Today, we’ll be hosting an open house at the home Nels and Emma built in 1887. It made the National Register of Historic Places last year. More details on that are available here.
In honor of Sesquicentennial Plus One, I’m devoting the Speaking of Idaho blog to my family’s history during August.
Nels and Emma raised five boys and one girl in the family home. Their daughter, Agnes Just Reid, and her husband Robert Reid raised five boys there. The house has been unoccupied since 1976, when Agnes Just Reid passed away. Douglass Reid, fourth son of Agnes and Robert, owned the home and kept it untouched for about 35 years after his mother’s death. Shortly before Doug passed away in 2012, he donated the property to the Presto Preservation Association, the nonprofit family association dedicated to preserving the history of Nels and Emma Just and their descendants. The association owns the house today, along with the nearby pioneer cemetery where Nels and Emma are buried. Agnes and Robert’s youngest son, Wallace donated the pioneer cemetery ground to the association, also in 2012.
The Presto Preservation Association is an Idaho Corporation and a 501 (c)3 nonprofit that was formed in 1994 for the purpose of preserving the history of Nels and Emma Just and their descendants. It takes its name from the area where the house is located, Lower Presto, Idaho, which was named by Nels Just in honor of early pioneer Presto Burrell, who was a soldier in Colonel Conner’s California Volunteers.
The Brick Restoration Project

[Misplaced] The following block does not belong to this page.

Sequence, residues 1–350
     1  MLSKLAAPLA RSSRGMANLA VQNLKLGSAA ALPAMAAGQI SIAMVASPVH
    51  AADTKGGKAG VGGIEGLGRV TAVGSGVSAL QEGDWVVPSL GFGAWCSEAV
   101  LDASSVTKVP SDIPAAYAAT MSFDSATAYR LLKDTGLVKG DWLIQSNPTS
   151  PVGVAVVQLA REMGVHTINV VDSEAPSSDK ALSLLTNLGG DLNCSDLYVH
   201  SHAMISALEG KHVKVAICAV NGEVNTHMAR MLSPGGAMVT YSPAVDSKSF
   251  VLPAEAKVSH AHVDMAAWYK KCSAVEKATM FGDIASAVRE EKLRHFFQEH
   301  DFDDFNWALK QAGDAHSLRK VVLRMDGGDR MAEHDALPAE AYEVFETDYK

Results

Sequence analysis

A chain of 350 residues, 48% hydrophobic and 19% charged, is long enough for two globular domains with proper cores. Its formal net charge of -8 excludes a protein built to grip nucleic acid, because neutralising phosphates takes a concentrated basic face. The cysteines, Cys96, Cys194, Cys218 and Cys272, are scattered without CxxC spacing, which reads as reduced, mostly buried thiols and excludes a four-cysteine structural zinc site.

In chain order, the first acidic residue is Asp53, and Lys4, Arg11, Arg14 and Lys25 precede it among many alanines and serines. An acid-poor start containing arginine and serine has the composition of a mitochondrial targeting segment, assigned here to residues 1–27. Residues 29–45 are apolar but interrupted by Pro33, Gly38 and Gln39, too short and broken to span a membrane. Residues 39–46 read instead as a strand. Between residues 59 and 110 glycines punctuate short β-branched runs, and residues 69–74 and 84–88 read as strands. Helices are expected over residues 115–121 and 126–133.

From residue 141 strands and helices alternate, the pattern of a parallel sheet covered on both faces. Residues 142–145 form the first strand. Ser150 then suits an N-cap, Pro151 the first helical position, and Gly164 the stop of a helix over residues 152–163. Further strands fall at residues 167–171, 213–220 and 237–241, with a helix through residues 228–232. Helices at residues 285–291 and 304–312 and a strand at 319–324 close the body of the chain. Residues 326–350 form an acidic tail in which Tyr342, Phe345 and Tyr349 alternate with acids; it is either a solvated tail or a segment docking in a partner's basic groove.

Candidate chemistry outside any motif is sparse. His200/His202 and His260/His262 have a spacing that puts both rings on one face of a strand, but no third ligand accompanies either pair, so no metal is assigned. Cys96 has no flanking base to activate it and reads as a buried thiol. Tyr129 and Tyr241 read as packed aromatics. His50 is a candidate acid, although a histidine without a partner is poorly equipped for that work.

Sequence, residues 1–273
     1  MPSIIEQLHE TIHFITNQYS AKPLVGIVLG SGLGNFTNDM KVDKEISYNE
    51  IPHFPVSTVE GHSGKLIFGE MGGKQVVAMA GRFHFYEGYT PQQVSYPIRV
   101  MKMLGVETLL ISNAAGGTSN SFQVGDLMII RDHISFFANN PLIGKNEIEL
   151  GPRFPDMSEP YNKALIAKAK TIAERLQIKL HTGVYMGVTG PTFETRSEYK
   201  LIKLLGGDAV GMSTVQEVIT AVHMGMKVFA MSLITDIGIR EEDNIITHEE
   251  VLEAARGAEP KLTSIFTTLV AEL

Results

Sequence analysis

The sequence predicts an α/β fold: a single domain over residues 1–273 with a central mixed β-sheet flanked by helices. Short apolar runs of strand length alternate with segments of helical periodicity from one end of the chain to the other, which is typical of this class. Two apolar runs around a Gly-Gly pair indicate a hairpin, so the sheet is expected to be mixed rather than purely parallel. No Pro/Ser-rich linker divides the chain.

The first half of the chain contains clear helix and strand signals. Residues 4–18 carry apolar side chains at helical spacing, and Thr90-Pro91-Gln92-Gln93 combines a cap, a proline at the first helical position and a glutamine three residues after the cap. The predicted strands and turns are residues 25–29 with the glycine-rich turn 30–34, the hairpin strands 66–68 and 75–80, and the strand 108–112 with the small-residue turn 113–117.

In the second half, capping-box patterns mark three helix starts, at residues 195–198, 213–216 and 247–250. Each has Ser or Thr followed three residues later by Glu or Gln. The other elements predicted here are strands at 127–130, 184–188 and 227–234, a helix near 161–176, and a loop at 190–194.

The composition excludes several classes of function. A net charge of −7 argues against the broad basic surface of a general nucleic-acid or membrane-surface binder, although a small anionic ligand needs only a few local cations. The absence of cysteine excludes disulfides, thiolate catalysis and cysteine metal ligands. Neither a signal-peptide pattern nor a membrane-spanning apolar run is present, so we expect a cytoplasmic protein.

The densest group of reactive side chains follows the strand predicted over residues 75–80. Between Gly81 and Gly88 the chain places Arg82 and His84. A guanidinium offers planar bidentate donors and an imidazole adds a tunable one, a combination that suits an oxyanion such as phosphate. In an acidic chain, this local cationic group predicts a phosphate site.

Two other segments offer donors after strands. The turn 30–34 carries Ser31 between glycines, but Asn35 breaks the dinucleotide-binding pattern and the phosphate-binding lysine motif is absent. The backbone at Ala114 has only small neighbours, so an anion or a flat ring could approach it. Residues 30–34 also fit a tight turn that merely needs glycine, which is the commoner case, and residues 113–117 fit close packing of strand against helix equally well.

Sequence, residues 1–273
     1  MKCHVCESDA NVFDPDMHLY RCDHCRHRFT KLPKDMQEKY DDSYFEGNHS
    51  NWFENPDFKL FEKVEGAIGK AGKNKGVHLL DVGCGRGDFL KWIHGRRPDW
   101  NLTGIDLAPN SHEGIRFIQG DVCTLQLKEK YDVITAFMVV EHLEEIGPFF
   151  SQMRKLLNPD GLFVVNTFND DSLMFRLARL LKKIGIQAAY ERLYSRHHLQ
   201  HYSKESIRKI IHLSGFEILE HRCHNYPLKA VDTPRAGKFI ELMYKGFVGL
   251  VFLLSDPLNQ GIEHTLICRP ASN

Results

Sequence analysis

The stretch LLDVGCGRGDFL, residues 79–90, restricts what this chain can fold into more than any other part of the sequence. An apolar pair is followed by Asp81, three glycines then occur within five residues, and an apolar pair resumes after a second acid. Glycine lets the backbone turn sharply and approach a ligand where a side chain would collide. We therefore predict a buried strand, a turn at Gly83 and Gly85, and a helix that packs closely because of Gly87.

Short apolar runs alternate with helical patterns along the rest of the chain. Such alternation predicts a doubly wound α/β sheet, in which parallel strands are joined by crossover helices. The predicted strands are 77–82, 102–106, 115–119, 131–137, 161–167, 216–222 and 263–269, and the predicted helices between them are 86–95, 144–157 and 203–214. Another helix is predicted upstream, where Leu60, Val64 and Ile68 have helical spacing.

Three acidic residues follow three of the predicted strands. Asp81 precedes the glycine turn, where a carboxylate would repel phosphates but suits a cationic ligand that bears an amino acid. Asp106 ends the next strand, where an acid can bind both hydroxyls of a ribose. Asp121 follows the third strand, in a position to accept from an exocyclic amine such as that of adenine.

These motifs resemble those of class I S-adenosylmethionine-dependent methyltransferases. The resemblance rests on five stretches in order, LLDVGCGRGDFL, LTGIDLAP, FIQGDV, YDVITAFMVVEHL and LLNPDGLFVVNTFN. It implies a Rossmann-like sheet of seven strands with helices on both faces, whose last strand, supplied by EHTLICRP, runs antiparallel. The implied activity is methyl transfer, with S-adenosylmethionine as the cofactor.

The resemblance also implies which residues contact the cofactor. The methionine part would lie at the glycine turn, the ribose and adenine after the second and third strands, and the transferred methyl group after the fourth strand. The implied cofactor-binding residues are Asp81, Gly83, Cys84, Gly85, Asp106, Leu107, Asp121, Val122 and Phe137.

With technical expertise from the Idaho Heritage trust and using a series of matching grants from the same organization, the family has been restoring the brickwork since 2017.
During the project we discovered water damage to the front of the building, both inside
and out, caused by water seeping into the concrete sidewalk and wicking up into the bricks and mortar over the decades.
Many of the original bricks were damaged beyond repair, and earlier repair work that had been done with good intentions had resulted in damaging even more bricks. We were short hundreds of bricks. There are companies that can reproduce bricks very close to original specifications, but we found a better solution.
The property owners of a site south of Blackfoot on the Blackfoot River, just before it joins the Snake River, thought they had a pile of bricks from an old house that had been covered over with soil. We thought it was brick mine. Remarkably, the first settlers in what would become Blackfoot, built a brick home the same year, 1887, as Nels and Emma Just. Fred and Finnetta Garrett Stevens were longtime friends of the Justs. The Stevens home was the center of social activities for many years in Blackfoot, but was eventually abandoned and demolished, probably in the 1960s.
We got permission from the owners of the old Stevens place to mine the bricks. In the spring of 2019, about 20 members of the Reid side of the family began gathering bricks to replace damaged bricks in the Nels and Emma home (see picture).
Also, that spring, we removed the concrete sidewalk and regraded the slope of the lawn to move water away from the front of the house. We installed a new wooden boardwalk in keeping with the original design of the house. At the same time, we repaired some of the woodwork associated with the porch overhang.
Restoration projects often take longer than one thinks, and the Nels and Emma Just house is no exception. One more season of brick restoration will be needed to complete repairs to the damaged brick. Water seepage has softened and deteriorated even some of the inner walls of the house.